Archive for August 14th, 2010

Behind the Song

So I had commented on Facebook that yesterday’s blog post would be about why it’s important to know where a song comes from, but then I got all involved in making the video, so it is today’s blog post instead. XD

The sun is shining and I have been cleaning.

And now I'm singing.

Still images of singing can be pretty funny. XD

So one of the things I found most perplexing about the difference in teaching styles at my university were the different requirements for learning songs. The general way voice students are taught in a college setting is that there are a certain number of voice faculty, and each one has a certain number of students, which is called their studio. So in my voice studio, and certain others (there were five in total at my school, some schools only have one or two, others have eight or nine, it depends), we were required not only to translate the song, but also to research the song and write a paper about it. This not only included analyzing the text of the piece and the meaning behind the words, but also involved catching stylistic elements in the music (“it crescendos here because it’s the point of utmost anguish in her heart”) and also researching how that song fit into either the opera it was from or the style period and composer’s overall library.

There was a marked difference between the performers who were required to do this research and those who weren’t, and I’m not just saying that because my studio required it. XD Those students who didn’t translate or research their songs rarely had any kind of emotional connection to them. They didn’t know anything about the song other than the notes and the memorized words. Even the English songs they sang had no depth to them, watching them perform was about as interesting as watching rocks roll down a hill.

My voice teacher told me an amusing story about an audition (I believe it was graduate school) she did where she launched into a very peppy, upbeat version of the aria “Stride la vampa”, from Il Trovatore. It’s an aria sung by a gypsy woman about watching her mother being burned at the stake by an angry crowd. Needless to say, happy and bouncy isn’t what you want to invoke when singing it, but she had never learned what the words actually meant or what the context of the aria was in the opera, so, after she was finished, they asked her if she knew any of that, and she admitted she didn’t, and was horrified when they explained it to her.

So knowing the context of the piece is important. I’m going to use an example from the other day, the song Prison by Faure. Prison, the original poem, was written by Paul Verlaine, and was written when he was in an actual prison for shooting his lover (not fatally). The poem is beautiful on its own, and expresses lovely and bittersweet sentiments about lack of freedom, mistakes made in the heat of the moment, and cries for help to an uncaring God. Faure did an amazing job of sculpting the music to fit the poem, and the resulting song is absolutely beautiful and worth singing and hearing. But if you didn’t know anything about Paul Verlaine, or anything beside that the poem is about a prison in some way, could you really express those sentiments very well?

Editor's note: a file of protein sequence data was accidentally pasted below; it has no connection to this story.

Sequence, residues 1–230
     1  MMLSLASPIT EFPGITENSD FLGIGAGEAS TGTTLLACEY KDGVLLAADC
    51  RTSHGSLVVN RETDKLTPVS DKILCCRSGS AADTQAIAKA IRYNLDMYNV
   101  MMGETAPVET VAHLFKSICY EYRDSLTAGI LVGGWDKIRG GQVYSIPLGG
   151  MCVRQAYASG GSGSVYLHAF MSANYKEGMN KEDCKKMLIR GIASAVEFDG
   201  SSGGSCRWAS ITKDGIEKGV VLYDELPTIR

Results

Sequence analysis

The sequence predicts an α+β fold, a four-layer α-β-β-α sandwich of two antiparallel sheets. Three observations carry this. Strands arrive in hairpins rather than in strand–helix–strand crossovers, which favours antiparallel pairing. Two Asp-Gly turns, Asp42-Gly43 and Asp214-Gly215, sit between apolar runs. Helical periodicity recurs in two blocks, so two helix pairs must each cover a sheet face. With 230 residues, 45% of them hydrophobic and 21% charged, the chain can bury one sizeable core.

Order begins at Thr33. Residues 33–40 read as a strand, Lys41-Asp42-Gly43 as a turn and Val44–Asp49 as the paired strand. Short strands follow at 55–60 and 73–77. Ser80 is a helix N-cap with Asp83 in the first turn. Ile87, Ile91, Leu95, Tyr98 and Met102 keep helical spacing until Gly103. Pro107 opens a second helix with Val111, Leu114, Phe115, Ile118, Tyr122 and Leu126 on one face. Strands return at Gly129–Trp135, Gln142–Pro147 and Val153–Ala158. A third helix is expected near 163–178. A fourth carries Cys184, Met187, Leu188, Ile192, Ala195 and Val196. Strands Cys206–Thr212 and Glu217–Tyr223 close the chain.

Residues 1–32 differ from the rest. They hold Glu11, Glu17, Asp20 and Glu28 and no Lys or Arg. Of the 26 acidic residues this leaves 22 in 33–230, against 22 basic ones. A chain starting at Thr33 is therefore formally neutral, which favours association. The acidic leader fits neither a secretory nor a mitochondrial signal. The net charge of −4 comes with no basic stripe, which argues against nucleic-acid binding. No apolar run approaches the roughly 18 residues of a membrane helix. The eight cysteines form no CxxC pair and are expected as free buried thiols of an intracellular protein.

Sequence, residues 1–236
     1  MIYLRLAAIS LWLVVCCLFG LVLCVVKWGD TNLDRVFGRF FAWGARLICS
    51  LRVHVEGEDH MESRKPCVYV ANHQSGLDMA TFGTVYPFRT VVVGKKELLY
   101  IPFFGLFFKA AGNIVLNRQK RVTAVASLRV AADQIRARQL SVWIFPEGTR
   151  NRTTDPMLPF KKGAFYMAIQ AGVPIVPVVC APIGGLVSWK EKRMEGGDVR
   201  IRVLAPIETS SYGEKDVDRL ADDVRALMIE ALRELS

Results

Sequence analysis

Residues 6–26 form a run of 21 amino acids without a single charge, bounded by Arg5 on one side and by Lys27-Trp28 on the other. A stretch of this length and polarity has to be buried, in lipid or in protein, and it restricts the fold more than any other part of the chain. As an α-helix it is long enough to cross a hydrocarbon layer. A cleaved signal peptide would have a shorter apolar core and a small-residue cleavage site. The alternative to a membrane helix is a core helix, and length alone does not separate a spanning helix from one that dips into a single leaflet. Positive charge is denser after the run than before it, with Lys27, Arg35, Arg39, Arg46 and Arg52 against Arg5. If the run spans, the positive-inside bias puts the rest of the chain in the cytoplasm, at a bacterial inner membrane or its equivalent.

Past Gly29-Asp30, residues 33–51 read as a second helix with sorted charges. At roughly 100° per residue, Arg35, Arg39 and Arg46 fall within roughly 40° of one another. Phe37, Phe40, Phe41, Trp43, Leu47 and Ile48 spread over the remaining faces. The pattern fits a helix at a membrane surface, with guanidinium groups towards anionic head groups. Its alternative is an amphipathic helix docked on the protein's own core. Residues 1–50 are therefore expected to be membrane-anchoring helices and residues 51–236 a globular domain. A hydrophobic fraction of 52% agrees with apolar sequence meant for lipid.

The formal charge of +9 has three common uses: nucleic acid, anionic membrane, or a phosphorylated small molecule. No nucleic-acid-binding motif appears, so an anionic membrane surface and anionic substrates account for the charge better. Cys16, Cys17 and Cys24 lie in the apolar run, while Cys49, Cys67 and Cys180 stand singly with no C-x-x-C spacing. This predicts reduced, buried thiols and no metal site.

Arias are even more complicated, as not only do you need to know the meaning of the words and where the composer and librettist were emotionally and stylistically, you also need to know the entire plot of the opera and what character sings the aria, as well as where in the plot it sits. One good example is an aria I’m working on right now, “Porgi amor” from Mozart’s La Nozze di Figaro. It’s sung by Countess Almaviva, who is lamenting the fact that her husband has decided to be an utter jerkface and cheat on her with other women. This is before she even finds out from her handmaiden (who is getting married to the titular character, Figaro) that he is planning to sleep with said handmaiden, which drives her into even more violent throes of anguish. Porgi amor is a very simple aria, in that it only has about four lines of lyrics, repeated a few times. But the sentiment comes from a very deep place in the character, a woman who is rich and powerful and yet so unhappy because her husband no longer seems to love her at all. She simply wants the return of that love, or for a quick death to release her from her pain. It’s a very familiar sentiment in Italian opera (and art songs), but Mozart’s amazing artistic ability makes it even more poignant and heartbreaking. You really feel for the Countess, a woman who has done nothing to deserve what she’s gotten, and has no means of escape.

It’s important to know those things when you go to sing a song. And that doesn’t just apply to opera and classical forms of singing. I mean, if you go to sing “I Could Have Dance All Night” without knowing anything about My Fair Lady or the context of its genesis, how can you possibly express as much as you need to? And would you really want to attempt “Paint it Black” without understanding the meaning behind why it was written and performed? No. That cheapens the piece, as well as limiting your ability to display the needed emotions. If you don’t really understand where the song comes from, you can’t perform the song very well at all.

Next time, on “Music Geek Theater”, we’ll talk about why eye contact with the audience is so important. ;D


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